While George Carlin has been a good graphic, staticstics have proven time & time again that (inappropriate) speed kills/injures in app less than 20% fatalities/accidents. This of course indicates that the majority (80% to PLUS) of fatalities/accidents occur well within or below the speed limits. I’m sure that most people see the “speed kills” myths & irony in this. As a practical measure, most people do not exceed the 85 percentile natural rule anyway. (85 % tile= overwhelming majority?)

    Indeed, The optics make strong graphics for states legalizing marijuana wanting to keep the fatalities/accident statistics abnormally high. The states of course can point at the new boogie man. (Huey Lewis and the News; I’ve got a new drug) This hypocrisy is beyond the pale, that defies logic, human decency and emotion. On the other hand, the DWI fatality injury rates @ 50 % has steadily been going down @ now less than 40%, albeit slowly.
  • thebeanthebean Parts UnknownPosts: 1,126
    ab348 said:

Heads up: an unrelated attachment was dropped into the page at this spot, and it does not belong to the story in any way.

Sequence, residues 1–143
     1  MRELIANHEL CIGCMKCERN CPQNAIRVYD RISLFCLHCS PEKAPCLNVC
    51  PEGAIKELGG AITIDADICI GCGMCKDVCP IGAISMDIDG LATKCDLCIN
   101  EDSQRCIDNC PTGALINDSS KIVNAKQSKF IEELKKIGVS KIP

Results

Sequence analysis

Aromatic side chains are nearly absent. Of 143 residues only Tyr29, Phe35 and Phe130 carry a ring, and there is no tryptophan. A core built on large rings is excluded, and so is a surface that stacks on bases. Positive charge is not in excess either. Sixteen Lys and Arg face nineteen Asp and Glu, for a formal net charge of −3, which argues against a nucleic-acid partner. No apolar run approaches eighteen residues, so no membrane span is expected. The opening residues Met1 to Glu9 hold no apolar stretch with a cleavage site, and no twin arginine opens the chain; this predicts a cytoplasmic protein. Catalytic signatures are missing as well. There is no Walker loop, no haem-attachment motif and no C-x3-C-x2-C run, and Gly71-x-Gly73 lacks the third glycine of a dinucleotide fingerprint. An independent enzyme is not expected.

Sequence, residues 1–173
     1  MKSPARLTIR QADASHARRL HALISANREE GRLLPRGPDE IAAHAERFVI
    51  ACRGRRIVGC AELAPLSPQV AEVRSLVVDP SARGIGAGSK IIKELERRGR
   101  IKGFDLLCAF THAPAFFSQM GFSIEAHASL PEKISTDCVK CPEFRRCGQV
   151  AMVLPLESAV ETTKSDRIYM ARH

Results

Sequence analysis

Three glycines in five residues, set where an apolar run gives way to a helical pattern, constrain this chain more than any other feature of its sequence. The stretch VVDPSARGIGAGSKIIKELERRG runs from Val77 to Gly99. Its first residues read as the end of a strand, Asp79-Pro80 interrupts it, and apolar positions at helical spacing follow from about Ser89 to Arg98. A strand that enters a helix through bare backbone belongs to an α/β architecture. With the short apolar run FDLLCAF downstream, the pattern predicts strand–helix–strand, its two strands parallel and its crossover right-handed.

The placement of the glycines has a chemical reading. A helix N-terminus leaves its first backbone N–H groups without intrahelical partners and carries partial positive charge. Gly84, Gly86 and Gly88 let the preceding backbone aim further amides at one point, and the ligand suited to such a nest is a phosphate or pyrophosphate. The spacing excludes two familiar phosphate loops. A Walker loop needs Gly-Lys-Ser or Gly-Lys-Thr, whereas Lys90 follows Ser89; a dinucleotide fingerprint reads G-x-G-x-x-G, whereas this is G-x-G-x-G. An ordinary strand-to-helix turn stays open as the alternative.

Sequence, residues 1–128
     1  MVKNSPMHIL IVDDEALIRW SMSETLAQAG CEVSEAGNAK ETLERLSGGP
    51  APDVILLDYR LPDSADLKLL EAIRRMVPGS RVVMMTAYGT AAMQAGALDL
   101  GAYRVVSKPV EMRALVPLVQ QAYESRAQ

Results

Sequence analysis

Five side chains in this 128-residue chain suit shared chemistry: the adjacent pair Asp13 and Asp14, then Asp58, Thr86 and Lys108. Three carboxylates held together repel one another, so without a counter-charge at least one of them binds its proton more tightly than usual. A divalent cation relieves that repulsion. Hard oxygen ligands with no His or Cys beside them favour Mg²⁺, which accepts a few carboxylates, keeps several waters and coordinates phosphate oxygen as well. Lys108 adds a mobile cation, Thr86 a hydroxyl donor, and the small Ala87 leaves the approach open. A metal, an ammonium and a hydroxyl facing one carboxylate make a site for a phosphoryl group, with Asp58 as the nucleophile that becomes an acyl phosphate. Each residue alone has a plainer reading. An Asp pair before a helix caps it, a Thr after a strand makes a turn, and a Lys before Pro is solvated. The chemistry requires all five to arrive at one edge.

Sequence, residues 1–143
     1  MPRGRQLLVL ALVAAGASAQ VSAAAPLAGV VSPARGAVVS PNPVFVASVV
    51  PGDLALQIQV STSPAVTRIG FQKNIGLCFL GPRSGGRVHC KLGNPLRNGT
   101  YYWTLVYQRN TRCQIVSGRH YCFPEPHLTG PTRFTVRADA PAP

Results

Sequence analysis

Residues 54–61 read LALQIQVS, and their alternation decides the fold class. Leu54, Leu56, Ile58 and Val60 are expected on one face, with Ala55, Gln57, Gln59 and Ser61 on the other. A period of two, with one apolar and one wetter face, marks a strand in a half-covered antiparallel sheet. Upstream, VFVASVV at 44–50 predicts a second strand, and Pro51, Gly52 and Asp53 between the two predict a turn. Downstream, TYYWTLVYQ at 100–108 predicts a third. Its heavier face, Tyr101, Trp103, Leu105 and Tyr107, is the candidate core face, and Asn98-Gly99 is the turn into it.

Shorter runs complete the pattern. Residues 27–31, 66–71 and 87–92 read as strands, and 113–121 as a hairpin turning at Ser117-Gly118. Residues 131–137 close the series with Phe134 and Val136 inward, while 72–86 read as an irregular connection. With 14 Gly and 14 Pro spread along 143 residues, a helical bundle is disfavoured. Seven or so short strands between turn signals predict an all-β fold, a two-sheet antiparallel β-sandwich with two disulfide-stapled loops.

My witnessing an asleep at the wheel incident happened maybe 10 years ago. One afternoon I was on a divided expressway with a large grassy median separating the two roadways that was in the shape of a shallow valley. Traffic was light and I was in the left lane doing about 70mph, having been some distance behind a late model Honda Civic for a while. I noticed the Honda drifting gradually to the left, onto the paved, then gravel shoulder, before continuing left and making its way onto the grass. The grassy area was not perfectly smooth so the Civic began experiencing a series of bumps before encountering a larger one that got it slightly airborne. I had let off the gas during all this so my speed was probably less than his when all this happened. After the big bump the driver regained control, slowed, and began piloting the Honda back towards the roadway as I went past. The guy was incredibly lucky not to have done serious damage to himself, the car, and others on the road.